Running the risk of running the cable – Asbestos awareness for fire and security equipment installers

On the HSE website you will find a list of jobs where workers are considered to be at risk of encountering asbestos in the workplace. Asbestos is a dangerous and potentially fatal toxin, so the importance of awareness cannot be underestimated. While the list is wide-ranging, it very clearly establishes a number of trades that need to be aware of the danger of asbestos contamination, and fire and burglar alarm installation is one of these.

Asbestos is a mineral that can be incorporated into a surprisingly wide range of materials and it has some very desirable properties. It has been used for thousands of years, but it really became popular in the UK during The Industrial Revolution. As well as being relatively cheap, asbestos is flexible and heat resistant, and it seemed perfect for items such as gaskets and braking mechanisms. However, by the early 20th century research was beginning to emerge showing that working with asbestos caused serious pulmonary issues. This would have come as no surprise to the Romans, who had already documented that slaves who worked in asbestos mining and refining would often die early from lung disease.

Despite the historical and contemporary warnings, asbestos was considered safe enough that the construction industry utilised the resilience, heat resistant and flexible qualities in a wide range of materials until it was eventually banned in 1999. As a result of this, any building constructed or renovated before 2000 could play host to a number of Asbestos Containing Materials (ACMs), and this is a potential problem for installers.

In the process of laying cable, passing lines, and the general drilling and hammering of installation work, there is the potential for releasing asbestos dust, which contains dangerous fibres. These fibres are invisible, tasteless and light enough to stay in the air where they are easily inhaled. Once in the pulmonary system, they can lodge in the lungs and cause dangerous and often fatal health issues.

The legislation covering asbestos is quite strict, and the penalties imposed for not following safe practice are very high indeed. In recent years, for example, Brittania Hotels were fined for failure to meet their obligations to manage asbestos when workers and guests were potentially put at risk during refurbishments, and General Motors UK pleaded guilty to a breach of the Health and Safety at Work Act after they failed to provide adequate information on the location of known ACMs during some pipe-laying work. The fines handed down by the court were £ 160,000 and £ 120,000 respectively.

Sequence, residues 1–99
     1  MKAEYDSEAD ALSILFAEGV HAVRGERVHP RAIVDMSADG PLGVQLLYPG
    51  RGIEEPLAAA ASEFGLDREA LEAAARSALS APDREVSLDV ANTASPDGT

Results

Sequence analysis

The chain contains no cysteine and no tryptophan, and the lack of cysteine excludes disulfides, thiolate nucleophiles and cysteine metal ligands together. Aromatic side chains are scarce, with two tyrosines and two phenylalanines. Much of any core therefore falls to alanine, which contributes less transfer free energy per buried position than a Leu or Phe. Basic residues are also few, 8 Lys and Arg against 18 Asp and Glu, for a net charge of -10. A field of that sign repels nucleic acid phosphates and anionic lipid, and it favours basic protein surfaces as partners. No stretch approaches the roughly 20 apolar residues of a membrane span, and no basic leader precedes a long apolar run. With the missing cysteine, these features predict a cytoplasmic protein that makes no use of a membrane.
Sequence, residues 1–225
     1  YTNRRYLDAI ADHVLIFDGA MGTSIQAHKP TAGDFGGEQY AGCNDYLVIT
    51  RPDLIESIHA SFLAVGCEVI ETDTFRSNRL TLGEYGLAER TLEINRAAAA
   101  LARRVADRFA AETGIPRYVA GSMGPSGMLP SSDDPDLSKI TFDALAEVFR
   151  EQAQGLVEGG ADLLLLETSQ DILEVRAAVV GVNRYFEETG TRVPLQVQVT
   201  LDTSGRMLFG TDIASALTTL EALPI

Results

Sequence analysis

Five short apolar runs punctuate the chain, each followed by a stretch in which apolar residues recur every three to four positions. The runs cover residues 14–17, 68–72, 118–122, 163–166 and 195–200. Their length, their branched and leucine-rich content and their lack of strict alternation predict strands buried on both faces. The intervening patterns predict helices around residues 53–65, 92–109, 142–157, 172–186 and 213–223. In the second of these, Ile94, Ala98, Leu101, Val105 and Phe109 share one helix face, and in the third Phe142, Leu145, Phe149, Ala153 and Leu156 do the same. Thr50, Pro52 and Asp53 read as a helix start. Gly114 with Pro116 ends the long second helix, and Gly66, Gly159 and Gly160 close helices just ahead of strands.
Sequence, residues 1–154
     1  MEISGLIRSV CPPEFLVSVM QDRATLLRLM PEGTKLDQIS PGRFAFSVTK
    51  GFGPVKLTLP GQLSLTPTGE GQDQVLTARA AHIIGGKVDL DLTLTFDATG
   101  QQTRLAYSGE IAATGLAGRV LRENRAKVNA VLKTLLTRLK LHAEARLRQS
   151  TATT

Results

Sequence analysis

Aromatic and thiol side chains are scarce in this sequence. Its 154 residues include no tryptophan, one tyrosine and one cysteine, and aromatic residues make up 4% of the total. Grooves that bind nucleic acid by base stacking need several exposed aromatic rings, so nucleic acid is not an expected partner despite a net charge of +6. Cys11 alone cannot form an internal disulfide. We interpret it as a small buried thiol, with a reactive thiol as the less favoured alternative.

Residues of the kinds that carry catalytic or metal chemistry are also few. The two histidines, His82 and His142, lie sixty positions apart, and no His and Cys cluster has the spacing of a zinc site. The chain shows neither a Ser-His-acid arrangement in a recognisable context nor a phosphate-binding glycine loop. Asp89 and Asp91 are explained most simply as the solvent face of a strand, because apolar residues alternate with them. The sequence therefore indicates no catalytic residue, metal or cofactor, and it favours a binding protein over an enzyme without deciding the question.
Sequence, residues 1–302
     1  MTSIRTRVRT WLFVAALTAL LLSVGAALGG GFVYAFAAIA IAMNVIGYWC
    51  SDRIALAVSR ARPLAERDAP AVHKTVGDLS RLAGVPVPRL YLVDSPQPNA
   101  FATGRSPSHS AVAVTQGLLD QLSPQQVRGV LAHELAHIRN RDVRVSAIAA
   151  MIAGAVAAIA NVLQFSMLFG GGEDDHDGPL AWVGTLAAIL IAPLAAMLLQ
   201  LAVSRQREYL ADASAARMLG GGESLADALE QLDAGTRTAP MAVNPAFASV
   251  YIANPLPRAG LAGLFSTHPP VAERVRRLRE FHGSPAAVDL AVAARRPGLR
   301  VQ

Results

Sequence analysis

As you can see from the size of the fines, compliance is important for the employer. It is even more important to the employee because Mesothelioma, a rare form of cancer linked to asbestos exposure, is difficult to detect and will almost certainly kill once it develops.

Part 10 of the legislation requires that anyone who is likely to:

…disturb asbestos during their work, or who supervises such employees, receives the correct level of information, instruction and training to enable them to carry out their work safely and competently and without risk to themselves or others.

For most tradespeople this will mean awareness training as a minimum, because this is designed to make the employee aware of the materials that will potentially contain asbestos and what to do should there be an accidental release. It will also cover the basic risk assessment and other paperwork that should be available onsite.

If they are not disturbed or broken and in good condition, then the ACMs are not likely to present a danger. Unfortunately, installers of fire and security equipment are very likely to encounter these ACMs when running cables and installing equipment, and that is where the risk needs controlling. If you are installing, then you need to be trained, and that is regardless of whether you are employed or self-employed. If you are not trained in awareness of the procedures and dangers on site, then not only are you not meeting the legislative requirement, you are potentially risking your own life and the lives of others.